SOHO — The city's medical examiner closed the investigation into the death of 3-month-old baby Karl Towndrow after nearly three months without being able to determine how or why he died, DNAinfo New York has learned.
Strautmanis told police that she put Karl down for a nap and turned her attention to the 14 other children in her loft, and didn't check on him until 25 minutes later. By the time she did, his lips were blue and he wasn't breathing, she told police.
City regulations require day care workers to check on sleeping infants every 15 minutes.
The M.E.'s official conclusion is that the cause and manner of death are "undetermined," according to a spokeswoman for the M.E.'s office.
That classification is used in cases where the office has exhausted all relevant and available testing and reviewed all available information and is still unable to say with certainty how and why a person died.
A spokesman for the Manhattan District Attorney's office said only that their investigation is continuing.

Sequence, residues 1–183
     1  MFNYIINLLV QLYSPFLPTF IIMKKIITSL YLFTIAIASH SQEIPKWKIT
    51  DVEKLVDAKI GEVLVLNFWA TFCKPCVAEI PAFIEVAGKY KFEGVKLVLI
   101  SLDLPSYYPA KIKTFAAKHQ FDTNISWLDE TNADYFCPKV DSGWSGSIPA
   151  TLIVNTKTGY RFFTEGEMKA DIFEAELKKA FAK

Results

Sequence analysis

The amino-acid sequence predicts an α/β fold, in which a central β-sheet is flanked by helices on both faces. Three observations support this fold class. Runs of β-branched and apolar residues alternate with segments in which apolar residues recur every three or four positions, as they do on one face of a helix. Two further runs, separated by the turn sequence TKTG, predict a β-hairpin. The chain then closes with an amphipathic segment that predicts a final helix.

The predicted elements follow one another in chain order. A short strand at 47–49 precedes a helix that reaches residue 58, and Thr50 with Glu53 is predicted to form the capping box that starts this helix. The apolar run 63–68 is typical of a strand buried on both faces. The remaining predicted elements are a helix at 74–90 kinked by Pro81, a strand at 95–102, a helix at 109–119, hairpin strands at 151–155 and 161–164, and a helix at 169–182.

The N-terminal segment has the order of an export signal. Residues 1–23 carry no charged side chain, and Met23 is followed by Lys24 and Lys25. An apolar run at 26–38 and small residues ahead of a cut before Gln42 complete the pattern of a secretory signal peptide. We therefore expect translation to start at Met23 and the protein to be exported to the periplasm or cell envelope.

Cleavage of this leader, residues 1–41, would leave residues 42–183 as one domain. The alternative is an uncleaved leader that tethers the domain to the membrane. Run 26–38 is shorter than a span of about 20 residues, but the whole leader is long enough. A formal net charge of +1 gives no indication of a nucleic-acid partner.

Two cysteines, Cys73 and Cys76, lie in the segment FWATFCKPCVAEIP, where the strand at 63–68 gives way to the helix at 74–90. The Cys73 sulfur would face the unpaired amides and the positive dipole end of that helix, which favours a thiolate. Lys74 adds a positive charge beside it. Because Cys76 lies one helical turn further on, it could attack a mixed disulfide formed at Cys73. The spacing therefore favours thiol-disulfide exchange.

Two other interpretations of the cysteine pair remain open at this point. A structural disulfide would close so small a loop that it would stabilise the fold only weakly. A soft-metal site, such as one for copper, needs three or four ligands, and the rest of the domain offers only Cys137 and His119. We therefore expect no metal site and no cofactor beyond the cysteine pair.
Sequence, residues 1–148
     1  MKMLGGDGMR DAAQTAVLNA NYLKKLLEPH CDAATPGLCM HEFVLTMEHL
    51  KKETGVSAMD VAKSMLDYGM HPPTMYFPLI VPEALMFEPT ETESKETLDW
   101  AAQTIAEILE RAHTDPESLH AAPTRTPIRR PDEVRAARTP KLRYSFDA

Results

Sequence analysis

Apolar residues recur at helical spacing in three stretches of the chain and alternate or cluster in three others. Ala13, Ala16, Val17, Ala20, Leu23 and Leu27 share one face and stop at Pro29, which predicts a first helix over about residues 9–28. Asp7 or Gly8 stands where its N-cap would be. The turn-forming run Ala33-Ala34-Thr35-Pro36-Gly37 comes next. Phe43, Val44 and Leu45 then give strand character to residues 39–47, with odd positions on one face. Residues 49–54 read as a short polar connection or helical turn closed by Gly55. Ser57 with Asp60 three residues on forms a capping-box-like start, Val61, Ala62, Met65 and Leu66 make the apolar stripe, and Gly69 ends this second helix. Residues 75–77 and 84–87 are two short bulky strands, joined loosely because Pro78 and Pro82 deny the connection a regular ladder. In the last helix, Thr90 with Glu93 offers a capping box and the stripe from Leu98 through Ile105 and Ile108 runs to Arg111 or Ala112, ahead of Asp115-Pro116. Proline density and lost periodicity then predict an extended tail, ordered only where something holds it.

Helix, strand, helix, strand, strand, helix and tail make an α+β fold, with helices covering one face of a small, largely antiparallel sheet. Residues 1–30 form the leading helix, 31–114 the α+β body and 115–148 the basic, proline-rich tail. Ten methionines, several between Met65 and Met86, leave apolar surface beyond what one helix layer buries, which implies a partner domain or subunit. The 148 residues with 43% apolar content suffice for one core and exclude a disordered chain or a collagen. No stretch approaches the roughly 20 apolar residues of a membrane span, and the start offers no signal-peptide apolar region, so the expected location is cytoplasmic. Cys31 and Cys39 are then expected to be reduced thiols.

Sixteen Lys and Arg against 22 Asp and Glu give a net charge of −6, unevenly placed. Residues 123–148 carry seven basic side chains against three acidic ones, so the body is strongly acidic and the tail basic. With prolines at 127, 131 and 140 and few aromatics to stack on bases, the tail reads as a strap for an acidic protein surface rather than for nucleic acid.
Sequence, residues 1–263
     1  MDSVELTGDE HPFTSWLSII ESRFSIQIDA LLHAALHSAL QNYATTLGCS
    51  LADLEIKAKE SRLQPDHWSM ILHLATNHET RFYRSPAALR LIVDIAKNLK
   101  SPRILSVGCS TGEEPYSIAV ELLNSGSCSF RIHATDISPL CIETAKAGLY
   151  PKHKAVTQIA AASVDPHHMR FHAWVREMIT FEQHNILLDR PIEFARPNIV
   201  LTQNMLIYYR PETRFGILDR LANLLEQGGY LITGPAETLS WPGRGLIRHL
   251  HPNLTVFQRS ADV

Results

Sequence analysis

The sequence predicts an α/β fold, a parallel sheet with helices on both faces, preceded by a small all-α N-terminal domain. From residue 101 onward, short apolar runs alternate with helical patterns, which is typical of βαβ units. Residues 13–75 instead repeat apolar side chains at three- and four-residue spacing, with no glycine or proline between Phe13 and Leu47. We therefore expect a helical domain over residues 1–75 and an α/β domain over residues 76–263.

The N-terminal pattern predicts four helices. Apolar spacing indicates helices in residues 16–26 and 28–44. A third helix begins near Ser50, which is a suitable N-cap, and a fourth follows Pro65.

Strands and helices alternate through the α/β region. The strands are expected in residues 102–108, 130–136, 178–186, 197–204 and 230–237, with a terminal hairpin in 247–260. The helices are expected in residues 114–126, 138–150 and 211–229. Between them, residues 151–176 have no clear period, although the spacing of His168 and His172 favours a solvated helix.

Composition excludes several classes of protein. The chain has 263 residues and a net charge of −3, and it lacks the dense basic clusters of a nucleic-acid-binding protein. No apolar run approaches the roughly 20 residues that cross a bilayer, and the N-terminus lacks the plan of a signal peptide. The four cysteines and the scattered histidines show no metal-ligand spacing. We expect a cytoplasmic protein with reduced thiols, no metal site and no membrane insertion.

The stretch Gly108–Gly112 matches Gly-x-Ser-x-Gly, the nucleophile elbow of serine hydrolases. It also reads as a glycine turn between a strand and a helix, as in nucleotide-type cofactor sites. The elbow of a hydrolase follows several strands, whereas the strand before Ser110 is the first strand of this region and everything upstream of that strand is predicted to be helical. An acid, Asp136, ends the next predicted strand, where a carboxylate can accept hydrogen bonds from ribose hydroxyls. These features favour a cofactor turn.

Sources said it is unclear what, if any, impact the M.E.'s conclusion will have on the criminal investigation.
Even if there is no crime, sources said, the infant's death may result in action by the city to tighten its inspection and oversight of the child care industry.
The oversight is as much a problem for the state as it is for the city, however, as the state licenses all home-based day cares.
But the city DOH is responsible for inspecting all day cares, including those licensed by the state.
The agency had in fact received a tip about Strautmanis' operation, however the investigator dispatched to follow up on it claimed to have seen no signs of a day care center while standing outside the building and talking to local businesses. The Department of Investigation and the Manhattan DA launched an investigation into those claims after Karl's death. That investigation is ongoing as well, sources said.
The Department of Health has also also created a special unit tasked with probing day cares.